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How Authors Can Use Content Marketing

Marketing a book is a multifaceted process that encompasses everything from traditional media pitching and brand partnerships to Facebook ads and speaking engagements. In our new “Smart Marketing” series, the BenBella Marketing Department will share insights into hot topics in marketing and publicity and practical strategies authors can put into practice.

Today’s Smart Marketing post is from BenBella’s Senior Marketing Director Jennifer Canzoneri.  

Content marketing can feel like an industry buzzword that doesn’t actually mean anything to the average author, but when broken down and understood better, it can actually help authors get a ton of extra mileage out of their books, through thoughtful strategy.

Here are a few ways to take the content from your book and use it in unique and clever ways, to offer your readers and followers fresh ways to absorb and understand you message:


If you have any information that didn’t make it into your book during the editing process (sometimes we see up to an entire chapter that maybe didn’t make sense in the flow of the book, but ends up being a great stand-alone piece). You can design the ebook with the help of a designer, and offer it to your followers as an incentive for purchasing your book, signing up for your newsletter, or attending a talk. 

Example: BenBella’s Best of Plant-Based Eating, an ebook of sample recipes from many of our plant-based cookbooks for our BenBella Vegan imprint


Think about turning some content from your book into a visually interesting, stand-alone infographic. Maybe you’re a cookbook writer whose book uses a default “formula” for recipes that would look great in an infographic. Maybe you have steps throughout your book that you can condense into something visual. It would be great to offer on social media, via newsletter, or maybe even offering to influencers for their audiences.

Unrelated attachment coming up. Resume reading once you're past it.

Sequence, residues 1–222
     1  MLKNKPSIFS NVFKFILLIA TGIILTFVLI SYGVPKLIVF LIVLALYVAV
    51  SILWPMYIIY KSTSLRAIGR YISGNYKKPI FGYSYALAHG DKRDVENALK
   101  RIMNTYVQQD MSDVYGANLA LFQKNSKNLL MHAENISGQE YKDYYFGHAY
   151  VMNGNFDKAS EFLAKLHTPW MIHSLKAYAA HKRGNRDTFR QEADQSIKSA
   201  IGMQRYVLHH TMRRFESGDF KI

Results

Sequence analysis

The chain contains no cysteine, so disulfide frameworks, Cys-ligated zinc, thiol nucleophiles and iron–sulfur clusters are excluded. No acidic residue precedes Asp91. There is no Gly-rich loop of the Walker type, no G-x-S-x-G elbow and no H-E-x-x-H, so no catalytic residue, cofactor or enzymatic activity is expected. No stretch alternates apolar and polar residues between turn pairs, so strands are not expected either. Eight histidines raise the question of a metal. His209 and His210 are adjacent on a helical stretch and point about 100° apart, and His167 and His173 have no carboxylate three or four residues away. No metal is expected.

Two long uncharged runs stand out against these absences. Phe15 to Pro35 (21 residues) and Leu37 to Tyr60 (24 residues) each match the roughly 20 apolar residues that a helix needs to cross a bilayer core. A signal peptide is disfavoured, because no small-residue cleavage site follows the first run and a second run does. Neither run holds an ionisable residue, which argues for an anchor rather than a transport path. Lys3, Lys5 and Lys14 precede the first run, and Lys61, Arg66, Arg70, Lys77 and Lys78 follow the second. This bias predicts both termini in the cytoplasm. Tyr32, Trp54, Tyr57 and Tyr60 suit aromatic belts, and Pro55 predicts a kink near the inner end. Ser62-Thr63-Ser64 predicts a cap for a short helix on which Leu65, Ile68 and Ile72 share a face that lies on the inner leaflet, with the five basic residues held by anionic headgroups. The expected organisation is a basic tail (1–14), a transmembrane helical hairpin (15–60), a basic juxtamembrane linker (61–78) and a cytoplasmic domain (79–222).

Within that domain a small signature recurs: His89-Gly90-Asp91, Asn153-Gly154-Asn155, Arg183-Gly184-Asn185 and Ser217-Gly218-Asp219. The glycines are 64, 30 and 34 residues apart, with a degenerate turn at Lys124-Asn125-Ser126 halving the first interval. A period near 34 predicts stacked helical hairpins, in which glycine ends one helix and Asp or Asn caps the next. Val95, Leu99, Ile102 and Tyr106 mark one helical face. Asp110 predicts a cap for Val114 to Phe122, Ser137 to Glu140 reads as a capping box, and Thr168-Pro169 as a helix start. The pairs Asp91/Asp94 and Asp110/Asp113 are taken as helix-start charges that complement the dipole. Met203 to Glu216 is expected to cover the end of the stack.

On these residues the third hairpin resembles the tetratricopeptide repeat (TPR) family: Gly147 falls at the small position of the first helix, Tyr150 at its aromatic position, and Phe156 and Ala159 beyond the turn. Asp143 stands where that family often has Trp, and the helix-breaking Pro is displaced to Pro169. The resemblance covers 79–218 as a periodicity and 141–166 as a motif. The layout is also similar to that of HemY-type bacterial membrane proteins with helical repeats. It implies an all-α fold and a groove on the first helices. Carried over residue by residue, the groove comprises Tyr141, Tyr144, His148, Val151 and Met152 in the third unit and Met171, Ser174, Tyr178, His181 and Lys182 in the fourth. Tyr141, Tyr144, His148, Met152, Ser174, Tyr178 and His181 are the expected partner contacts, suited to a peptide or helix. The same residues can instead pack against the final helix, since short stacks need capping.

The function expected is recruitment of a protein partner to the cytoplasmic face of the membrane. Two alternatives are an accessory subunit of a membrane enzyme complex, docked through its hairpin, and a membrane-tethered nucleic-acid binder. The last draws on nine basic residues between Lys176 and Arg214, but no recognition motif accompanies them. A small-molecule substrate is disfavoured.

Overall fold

Example: timeline of the history of electricity pulled from Craig Roach’s Simply Electrifying

Social media graphics

Through affordable services like Canva or Adobe Spark (or, again, partner with a designer!), you can turn so much of your book’s content into social media graphics. You can tease these out over several weeks or months, on your social media channels, or you can offer them to influencers and marketing contacts to use on their social feeds. The idea is to provide content that people will want to share. Scroll Instagram for any length of time, and these graphics are everywhere. You have content at your fingertips and a platform like Instagram to promote it. Combine the two, and the possibilities are endless.

Example: James Breakwell, author of Bare Minimum Parenting, shared several graphics on his social media accounts.

Web series/workshop

Besides re-packaging content through more visual offerings, you can also connect with followers and readers through more video. Hosting a Facebook Live, to talk about one aspect from the book, or a longer video workshop that you host for people to subscribe to and join through Google Hangouts or other video services. You can also release a month of videos, one a day, releasing through an email list, social media (maybe an exclusive Facebook group), or on your website. Video has a huge return on investment, and it’s a wonderful way to repackage your content.

Example: Barbara Huson, author of Sacred Success, hosts workshops and webinars related to her book’s content.


If you have a book on gratitude, for example, perhaps create a gratitude journal or workbook with daily prompts. If you have a book on starting a business, perhaps create a workbook for creating a sample business model. Allowing readers to use the advice in your book and apply it in their own space is a wonderful way to repackage your content in something at an additional revenue stream, or for free as an incentive.

Example: Amy Blankson created a workbook and book club guide to accompany her book, The Future of Happiness. 


If you think your book has a lot of topical tie-ins, work on a handful of different op-ed topics that you can pitch to media outlets when it feels appropriate. Sometimes it’s much easier to get the media’s attention when you have something already drafted to share, instead of pitching just your book.

Example: The Molecule of More authors had op-eds featured in POLITICO and USA Today.

This is just the tip of the content marketing iceberg, but hopefully it helps you think about ways to take the content in your book and offer it in unique ways.

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